As CDLs are regulated primarily by the federal government, ADOT requested and received guidance from FMCSA to determine which actions would be permitted under federal law. Once fully implemented, individuals will have expanded options to receive CDL services from Authorized Third Party providers, providing an increase in convenience and accessibility to obtain a license.

Accessibility to rest stops

Last week, Ducey directed ADOT to reopen two previously closed rest areas at Parks (Interstate 40) and Christiansen (Interstate 17).

Both are now open to serve the public, providing additional opportunities for drivers to park and rest. This is a temporary measure, however, as these rest areas will only be open through Jan. 18, 2022. The move is to provide relief for critical deliveries during the holiday season, state officials said.

Arizona officials are also launching the Arizona Transportation Consultancy Project, which, they say, will strengthen and further enable ADOT to collaborate with other states and adopt similar improvements that Arizona has implemented.

“Jumpstarting the supply chain is a cross-jurisdictional issue that requires the improvement of processes across multiple states,” a news release stated. “Arizona has undertaken many successful initiatives to make obtaining a CDL and the necessary permits simpler and more accessible to drivers, including the expansion of online services.”

ADOT is also upgrading the Medical Examiner Certificate (MEC) submission process to allow handwritten MECs to be processed digitally, using advanced technology; expanding CDL services to authorized third party providers; and preparing to modernize its commercial vehicle permitting system.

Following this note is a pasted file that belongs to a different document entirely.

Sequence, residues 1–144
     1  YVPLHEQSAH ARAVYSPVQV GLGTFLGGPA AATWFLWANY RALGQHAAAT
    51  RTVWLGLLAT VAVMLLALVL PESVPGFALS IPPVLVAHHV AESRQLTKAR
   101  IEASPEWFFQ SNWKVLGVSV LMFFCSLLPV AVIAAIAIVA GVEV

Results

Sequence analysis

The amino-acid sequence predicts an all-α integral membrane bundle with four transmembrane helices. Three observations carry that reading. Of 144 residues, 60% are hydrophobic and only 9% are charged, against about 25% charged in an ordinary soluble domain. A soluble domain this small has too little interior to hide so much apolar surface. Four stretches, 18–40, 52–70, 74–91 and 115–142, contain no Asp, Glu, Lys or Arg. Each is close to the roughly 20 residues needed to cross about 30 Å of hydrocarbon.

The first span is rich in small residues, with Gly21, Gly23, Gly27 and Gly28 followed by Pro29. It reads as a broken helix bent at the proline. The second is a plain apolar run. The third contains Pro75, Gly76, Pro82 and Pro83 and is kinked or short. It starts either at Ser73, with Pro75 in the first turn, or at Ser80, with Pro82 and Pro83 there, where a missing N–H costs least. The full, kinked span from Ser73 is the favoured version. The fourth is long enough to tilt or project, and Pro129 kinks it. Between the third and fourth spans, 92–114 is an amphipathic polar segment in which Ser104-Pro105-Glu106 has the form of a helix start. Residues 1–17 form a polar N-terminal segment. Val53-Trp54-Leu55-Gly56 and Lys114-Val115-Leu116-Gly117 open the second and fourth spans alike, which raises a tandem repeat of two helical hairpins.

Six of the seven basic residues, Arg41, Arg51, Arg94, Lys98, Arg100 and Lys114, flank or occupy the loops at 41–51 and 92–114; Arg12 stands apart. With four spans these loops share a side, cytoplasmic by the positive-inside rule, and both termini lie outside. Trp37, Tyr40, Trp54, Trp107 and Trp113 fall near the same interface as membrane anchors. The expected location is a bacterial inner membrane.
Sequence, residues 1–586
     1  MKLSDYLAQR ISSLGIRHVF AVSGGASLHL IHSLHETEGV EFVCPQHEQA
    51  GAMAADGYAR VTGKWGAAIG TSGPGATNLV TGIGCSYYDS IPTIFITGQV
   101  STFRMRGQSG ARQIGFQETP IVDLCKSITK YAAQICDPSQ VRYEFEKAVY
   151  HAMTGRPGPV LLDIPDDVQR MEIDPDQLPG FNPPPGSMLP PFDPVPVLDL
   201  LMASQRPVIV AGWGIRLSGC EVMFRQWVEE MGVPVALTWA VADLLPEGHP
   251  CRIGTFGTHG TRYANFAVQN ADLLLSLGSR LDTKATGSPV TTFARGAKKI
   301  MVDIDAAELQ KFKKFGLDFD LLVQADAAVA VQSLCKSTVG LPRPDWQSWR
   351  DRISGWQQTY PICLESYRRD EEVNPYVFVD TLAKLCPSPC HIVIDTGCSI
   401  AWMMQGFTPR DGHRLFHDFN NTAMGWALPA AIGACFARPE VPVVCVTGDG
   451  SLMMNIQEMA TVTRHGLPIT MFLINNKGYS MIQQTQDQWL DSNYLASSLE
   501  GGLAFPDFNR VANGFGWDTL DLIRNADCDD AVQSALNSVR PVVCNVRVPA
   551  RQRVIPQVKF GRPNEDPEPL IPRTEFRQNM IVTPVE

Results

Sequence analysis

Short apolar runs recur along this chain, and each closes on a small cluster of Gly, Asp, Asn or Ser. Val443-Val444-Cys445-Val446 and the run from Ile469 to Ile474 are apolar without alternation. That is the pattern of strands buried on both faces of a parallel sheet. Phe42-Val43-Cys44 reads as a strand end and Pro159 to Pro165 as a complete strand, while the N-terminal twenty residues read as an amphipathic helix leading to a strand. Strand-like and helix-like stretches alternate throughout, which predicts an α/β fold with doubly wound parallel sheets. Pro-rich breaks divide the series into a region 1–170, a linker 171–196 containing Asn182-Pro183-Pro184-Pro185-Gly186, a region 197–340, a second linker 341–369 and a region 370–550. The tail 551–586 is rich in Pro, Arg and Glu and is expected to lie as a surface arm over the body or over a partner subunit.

“While these efforts have produced excellent results for Arizona, improvements can’t be confined to Arizona to solve our nation’s supply chain issues,” the news release stated.

“The Arizona Consultancy Project will help other states achieve similar improvements. By sharing best practices and ideas found in the Arizona Management System, providing technical assistance on implementation of programs and sharing state-created intellectual property, processes can be improved across the country.”

The Trucker News Staff

The Trucker News Staff produces engaging content for not only TheTrucker.com, but also The Trucker Newspaper, which has been serving the trucking industry for more than 30 years. With a focus on drivers, the Trucker News Staff aims to provide relevant, objective content pertaining to the trucking segment of the transportation industry. The Trucker News Staff is based in Little Rock, Arkansas.

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The Trucker News Staff produces engaging content for not only TheTrucker.com, but also The Trucker Newspaper, which has been serving the trucking industry for more than 30 years. With a focus on drivers, the Trucker News Staff aims to provide relevant, objective content pertaining to the trucking segment of the transportation industry. The Trucker News Staff is based in Little Rock, Arkansas.